DEBORAH ROSS: Greed isn’t good, can someone tell Ruthie? 

Eamonn And Ruth: How The Other Half Lives

Thursday, Channel 5  

5 stars… or is it 1 star?

Unforgotten Sunday, ITV


Our Shirley Valentine Summer

Thursday, ITV 

3 stars (with potential to go higher)

Eamonn Holmes and Ruth Langsford, the married co-presenters of This Morning, kicked off their latest travel series by visiting Monte Carlo, where they broke down in tears at the plain hideousness of it all: the facelifts; the vile, show-off tax-avoiders; the €240 million penthouses; the yachts for hire at €500,000 a week; the kids whose birthday parties are attended almost exclusively by nannies and bodyguards. ‘Ruthie, let’s get out of here,’ said Eamonn. ‘This place makes me sick,’ said Ruthie, ‘and a true darkness has entered my soul.’

Eamonn Holmes and Ruth Langsford, the married co-presenters of This Morning, kicked off their latest travel series by visiting Monte Carlo

Eamonn Holmes and Ruth Langsford, the married co-presenters of This Morning, kicked off their latest travel series by visiting Monte Carlo

She shuddered. He held her hand, comfortingly. She laid her head on his meaty shoulder. ‘Eamonn, I could weep for humankind,’ she said. ‘The sooner we’re back working among the poor the better,’ he said, as he wiped away her tears. It was riveting television. It was startling television. It wasn’t, for once, Eamonn and Ruthie prostrating themselves at the feet of the super-rich while lapping up the five-star luxury for themselves and delivering their (well-rehearsed) spontaneous bants… except that it was. It was exactly that. But I think you knew that all along. I think you knew Ruthie didn’t cry for the poor. I think you knew this was one star and not five stars, really. Such a pity, though. The travelogue where Ruthie breaks down – ‘Oh, Eamonn, I can’t take all this greed a minute longer’ – and Eamonn doesn’t perform a thumbs-up when climbing aboard a helicopter? That’s the one most of us would prefer to see.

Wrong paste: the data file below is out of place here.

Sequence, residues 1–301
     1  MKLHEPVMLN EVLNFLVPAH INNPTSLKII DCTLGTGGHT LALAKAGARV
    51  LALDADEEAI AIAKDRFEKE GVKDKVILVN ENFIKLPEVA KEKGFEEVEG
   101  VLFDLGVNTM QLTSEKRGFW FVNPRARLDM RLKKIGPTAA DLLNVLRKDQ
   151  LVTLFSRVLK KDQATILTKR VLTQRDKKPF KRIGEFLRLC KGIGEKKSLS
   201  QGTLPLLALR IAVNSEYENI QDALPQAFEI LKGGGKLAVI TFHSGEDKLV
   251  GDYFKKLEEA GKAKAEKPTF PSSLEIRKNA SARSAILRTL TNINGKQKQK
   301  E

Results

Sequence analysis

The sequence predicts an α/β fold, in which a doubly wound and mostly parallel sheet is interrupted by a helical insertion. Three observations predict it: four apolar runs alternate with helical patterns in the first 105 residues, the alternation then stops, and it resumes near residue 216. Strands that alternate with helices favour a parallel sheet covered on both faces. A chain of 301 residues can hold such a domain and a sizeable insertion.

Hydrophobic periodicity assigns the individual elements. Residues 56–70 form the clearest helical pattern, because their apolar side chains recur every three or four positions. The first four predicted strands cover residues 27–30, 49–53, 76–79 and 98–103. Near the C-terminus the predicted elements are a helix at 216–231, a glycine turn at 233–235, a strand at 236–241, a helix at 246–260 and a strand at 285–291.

Of course, you don’t expect Eamonn and Ruth to be Woodward and Bernstein, but in the course of an hour they only had one question: how much? Visiting a wine cellar: ‘How much is your most expensive bottle?’ ‘€25,000!’ Visiting a hotel suite: ‘How much a night?’ ‘€20,000!’ Hiring a Maserati: ‘How much for the day?’ ‘€1,000!’ Visiting a rental villa: ‘How much a month?’ ‘€405,000!’ They were smitten with the rental villa.

Ruthie: ‘Oh, Eamonn, look at the view.’

Eamonn: ‘It’s so special.’

Ruthie: ‘It’s so beautiful.’

Eamonn: I don’t think I’ve ever seen a view like that.’

Ruthie: ‘How much did they say it was again?’

Eamonn: ‘€405,000 a month!’

Observing the unbelievably rich can be mesmerising, but you have to have some smarts, as otherwise it’s just ‘how much?’ over and over. And you had to wonder if Ruthie and Eamonn have any natural curiosity at all. For instance, if a two-bed apartment costs €30m, where do the workers live? Is there an arts scene or any culture at all? Does avoiding tax make people feel good about themselves? ‘It’s been fascinating,’ she said at the end. But for whom, Ruthie? For whom?

On to the shows we’re keeping an eye on: Handmaid’s (so grim I’m wishing they’d lock her up and take the baby and we could all go home); Keeping Faith (even if the camera fetishises Eve Myles to the point it practically goes up her nostrils); and Unforgotten, back for a third series, which we’ll return to once it’s bedded down. As it stands, human bones have been discovered buried in the central reservation of the M1 and we’ve been introduced to a disparate range of characters whose stories will connect to that discovery, although we do not know how yet. (The usual set-up, in other words.) But it’s fabulous to have Nicola Walker back as DCI Cassie Stuart. Walker was always better than The Split, where the jackets wore her and she couldn’t walk in those heels, and better than that vicar in David Hare’s Collateral bore-a-thon. Welcome home, love.

You might also wish to keep an eye on Our Shirley Valentine Summer, which sees its midlife participants looking for romance on the Greek island of Naxos. The participants include Annabel Giles, Ingrid Tarrant, Melinda Messenger, Siân Lloyd and not Debbie McGee, amazingly. Also, we have Nancy ‘I am beautiful’ Dell’Olio, teetering around in killer heels and telling the matchmaker what she wants in a man. ‘It is important we share interests but if he has a helicopter is better and if he has a private plane is better. I’m joking. But serious.’ Bet she never cries for the poor, either. She kept herself apart, and I quickly deduced she hates her housemates. ‘Some people has the glamour,’ she said pointedly, ‘and some people don’t…’ The others are now clocking on to her disdain. So this could be terrific.

Sorry for failing to provide a Poldark recap this week but I need to ask, with what little space is left: George’s thug, Tom Harry, isn’t Tom Harry any more? He behaves like Tom Harry and is a brute like Tom Harry and he looks a bit like Tom Harry, but he isn’t Tom Harry, and when I looked at the end credits, there was no Tom Harry, just a ‘Harry Harry.’ What, dear readers, is going on?